This issue is central in many theoretical and experimental activities and has marked a real transition, in the last two decades, in our exploration of the ultimate structure of matter, addressing fundamental questions such as the orbital motion of quarks and gluons inside the nucleons, their spatial distribution and the correlation between spin and intrinsic motion. A real 3-dimensional imaging of the nucleon as a composite object, both in momentum and coordinate space, is slowly emerging.
Several dedicated experiments are either running (COMPASS, JLab and RHIC) or analyzing previously collected data (HERMES). Other experimental facilities are under construction (J-PARC and the upgrading of JLab) or being planned (PANDA, PAX, ENC, EIC). All these have a central focus in the study of the 3-dimensional nucleon structure.
Enormous theoretical progress has been achieved in the last years with the new concepts of Transverse Momentum Dependent (TMDs) and Generalized Parton Distributions (GPDs). These can be studied respectively in inclusive and exclusive processes at the above-mentioned facilities by looking at spin asymmetries and azimuthal distribution of final hadrons or leptons. The collection and interpretation of data, with theorists and experimentalists working together, is and will be one of the major activities in hadron physics; the international scientific community working in the field is constantly growing.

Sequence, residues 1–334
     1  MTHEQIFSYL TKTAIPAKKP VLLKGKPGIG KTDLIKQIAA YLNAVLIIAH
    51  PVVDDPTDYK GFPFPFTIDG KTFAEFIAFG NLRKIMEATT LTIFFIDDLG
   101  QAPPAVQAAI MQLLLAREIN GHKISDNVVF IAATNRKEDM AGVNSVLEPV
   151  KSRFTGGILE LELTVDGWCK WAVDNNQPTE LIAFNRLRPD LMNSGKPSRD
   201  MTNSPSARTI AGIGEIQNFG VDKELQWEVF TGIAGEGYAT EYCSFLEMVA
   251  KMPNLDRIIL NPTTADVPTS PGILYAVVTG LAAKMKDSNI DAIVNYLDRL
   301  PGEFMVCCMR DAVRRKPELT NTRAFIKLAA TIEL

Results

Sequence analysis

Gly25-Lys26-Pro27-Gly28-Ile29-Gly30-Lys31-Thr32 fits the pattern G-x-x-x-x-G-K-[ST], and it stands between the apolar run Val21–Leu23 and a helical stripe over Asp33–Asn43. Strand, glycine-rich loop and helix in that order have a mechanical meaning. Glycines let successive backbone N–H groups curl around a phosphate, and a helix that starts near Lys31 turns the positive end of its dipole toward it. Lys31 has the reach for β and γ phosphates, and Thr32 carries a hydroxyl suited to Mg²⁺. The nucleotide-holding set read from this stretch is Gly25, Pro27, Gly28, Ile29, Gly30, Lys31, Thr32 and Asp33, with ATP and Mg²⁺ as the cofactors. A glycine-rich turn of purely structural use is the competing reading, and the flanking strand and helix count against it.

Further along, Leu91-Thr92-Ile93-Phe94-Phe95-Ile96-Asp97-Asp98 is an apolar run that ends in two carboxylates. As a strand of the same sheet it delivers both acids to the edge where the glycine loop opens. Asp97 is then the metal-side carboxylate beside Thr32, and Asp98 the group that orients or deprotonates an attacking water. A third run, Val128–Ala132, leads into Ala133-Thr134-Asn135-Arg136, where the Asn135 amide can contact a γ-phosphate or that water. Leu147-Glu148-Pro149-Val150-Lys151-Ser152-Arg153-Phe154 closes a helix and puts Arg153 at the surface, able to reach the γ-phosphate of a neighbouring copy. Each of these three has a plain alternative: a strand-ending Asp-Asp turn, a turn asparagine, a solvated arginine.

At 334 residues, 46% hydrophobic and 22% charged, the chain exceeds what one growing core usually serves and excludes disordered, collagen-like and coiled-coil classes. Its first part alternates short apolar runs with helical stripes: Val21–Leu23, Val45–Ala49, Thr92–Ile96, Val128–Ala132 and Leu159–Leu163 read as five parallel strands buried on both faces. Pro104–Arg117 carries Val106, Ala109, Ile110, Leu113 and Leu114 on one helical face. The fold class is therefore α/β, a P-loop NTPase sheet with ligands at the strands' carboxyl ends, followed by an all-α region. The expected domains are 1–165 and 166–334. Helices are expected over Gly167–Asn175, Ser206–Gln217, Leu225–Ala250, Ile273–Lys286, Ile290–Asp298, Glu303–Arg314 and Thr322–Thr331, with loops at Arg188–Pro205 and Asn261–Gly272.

The proposed School had the ambitious goal of educating postgraduate students, so that they could end up becoming specialists in hard scattering and partonic azimuthal distributions analysis and could be able to join CLAS, COMPASS, RHIC, J-PARC, PAX, PANDA, EIC, ENC and any of the dedicated experiments; or they could perform theoretical and phenomenological studies of TMDs and GPDs.